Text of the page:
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Why does voltage remains same over parallel circuit. If a resistor is connected in the circuit some of the charge should be transformed into heat and make a lack of charge after the resistor (in my sense). So, what's the reason in it?

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Electric charge isn't transformed into heat by a resistor so your reasoning is based on a serious misunderstanding of the physics. – Alfred Centauri Oct 9 '13 at 2:24
What about light bulb? Its a sort of resistor...n it produces heat – Aritra Hazra Oct 9 '13 at 3:09
Electric energy is converted to heat, not electric charge. – Alfred Centauri Oct 9 '13 at 10:30

This kind of misconception can be cleared by the definition itself.

Voltage is the energy per free electron (which contributes to current flow in the conductor), whereas current is the rate of flow of free electrons across the conductor's cross-sectional area. In other words, current is the count of the stuff that passes through the cross-section within a given time period and voltage is what drives the stuff.

Charge is a conserved quantity. What you perceive as heat is the energy of the particles1 flowing at the drift speed (around a few millimeters per second). It's simply the voltage that's converted to heat. The free electrons can't smell around and divide accordingly based on resistance on each path of the circuit. It's just a random flow. They just go around and when the path-division is encountered, some go through one way and some go through the other.


To dig further inside, let's consider a parallel network like the one here (ABCDEFA). The battery (DC) maintains a potential difference (how much doesn't matter for now) which is far enough for the charges2 to start flowing. These charges encounter a junction B on the way. As previously told, there's no specific condition that reroutes the charges to some preferred direction. It's simply random. Hence, some follow the path BE, while the remaining go via CD to reach the battery.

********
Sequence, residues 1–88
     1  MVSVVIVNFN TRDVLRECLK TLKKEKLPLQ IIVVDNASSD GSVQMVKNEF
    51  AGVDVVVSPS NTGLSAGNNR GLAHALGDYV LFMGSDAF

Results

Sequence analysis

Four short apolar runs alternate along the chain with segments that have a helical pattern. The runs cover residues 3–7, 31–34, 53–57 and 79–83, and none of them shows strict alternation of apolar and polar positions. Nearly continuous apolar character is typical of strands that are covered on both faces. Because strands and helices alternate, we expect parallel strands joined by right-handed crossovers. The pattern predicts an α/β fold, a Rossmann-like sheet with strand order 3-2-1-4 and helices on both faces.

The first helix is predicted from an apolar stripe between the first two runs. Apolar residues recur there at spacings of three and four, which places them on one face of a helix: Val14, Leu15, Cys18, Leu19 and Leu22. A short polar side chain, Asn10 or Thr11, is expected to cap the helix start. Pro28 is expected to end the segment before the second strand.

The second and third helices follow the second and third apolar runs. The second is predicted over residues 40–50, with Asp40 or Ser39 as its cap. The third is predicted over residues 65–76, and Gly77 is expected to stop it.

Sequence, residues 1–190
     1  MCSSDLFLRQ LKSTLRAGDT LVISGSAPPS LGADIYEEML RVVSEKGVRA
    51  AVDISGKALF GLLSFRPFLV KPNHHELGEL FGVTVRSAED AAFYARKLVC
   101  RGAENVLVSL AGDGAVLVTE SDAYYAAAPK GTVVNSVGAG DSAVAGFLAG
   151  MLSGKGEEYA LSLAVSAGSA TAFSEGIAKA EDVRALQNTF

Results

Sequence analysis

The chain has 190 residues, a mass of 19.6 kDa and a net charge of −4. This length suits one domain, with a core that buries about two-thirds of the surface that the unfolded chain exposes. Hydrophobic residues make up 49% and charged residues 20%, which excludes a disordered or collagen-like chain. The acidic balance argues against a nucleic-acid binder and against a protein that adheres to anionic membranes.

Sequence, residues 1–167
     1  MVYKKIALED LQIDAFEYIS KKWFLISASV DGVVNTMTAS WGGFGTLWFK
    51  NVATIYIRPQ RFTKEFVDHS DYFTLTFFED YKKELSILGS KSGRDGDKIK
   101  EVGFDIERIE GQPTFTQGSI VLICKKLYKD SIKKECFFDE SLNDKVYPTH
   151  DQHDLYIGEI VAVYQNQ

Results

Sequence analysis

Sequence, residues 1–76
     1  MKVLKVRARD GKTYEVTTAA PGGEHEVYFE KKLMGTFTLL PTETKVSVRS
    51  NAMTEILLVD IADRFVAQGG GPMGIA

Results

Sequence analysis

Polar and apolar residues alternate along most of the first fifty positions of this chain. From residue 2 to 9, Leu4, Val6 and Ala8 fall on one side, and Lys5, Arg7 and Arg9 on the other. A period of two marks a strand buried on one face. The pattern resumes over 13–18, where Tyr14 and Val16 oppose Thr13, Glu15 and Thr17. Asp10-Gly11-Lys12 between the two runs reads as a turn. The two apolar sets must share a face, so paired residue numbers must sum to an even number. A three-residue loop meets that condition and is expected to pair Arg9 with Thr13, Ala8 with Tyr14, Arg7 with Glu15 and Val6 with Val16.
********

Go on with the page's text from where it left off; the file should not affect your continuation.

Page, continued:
Say the resistance of $R_2>R_1$. What would happen? The time taken by the charges to swim through $R_2$ is greater than it takes through $R_1$. So, a lot of charges can get out of $R_1$ within a specific time period, while the number is less in case of $R_2$. And, this happens within a few seconds once the potential difference is established and that's why we perceive that the current through $R_2$ is less than the one through $R_1$ (which is the reason why "current divides in parallel circuits).

Once the charges get out of the resistors, the electric field of the battery is enough to drive them mad (as the wire has relatively lower resistance). And, the charges get back their energy once again. This is the reason why we say voltage is the same in parallel circuits3.

1: I mentioned "particles" simply, because the free electrons aren't necessarily flowing at the drift velocity (which may lead to another misconception). They're always at relativistic speeds. The drift velocity is just a representation of their contribution to the current flow in the macro scale...

2: In a crude manner, I simply used "charges" because conventional current flow is from positive to negative, whereas the electron flow is the other way around (which is quite difficult for me to express). And by charges, I meant charged particles.

3: Also note that the voltage and current remain the same for resistors of the same resistance whether they're in parallel or series...

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The reason is that charge is conserved. Even if some of the energy is lost as heat, you will still end up with the same number of charge carriers in the wire.

Charge conservation is a physical law that states that the change in the amount of electric charge in any volume of space is exactly equal to the amount of charge flowing into the volume minus the amount of charge flowing out of the volume. In essence, charge conservation is an accounting relationship between the amount of charge in a region and the flow of charge into and out of that region.

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But how it's conserved when it's losing energy from the volume (in the form of heat) – Aritra Hazra Oct 9 '13 at 2:12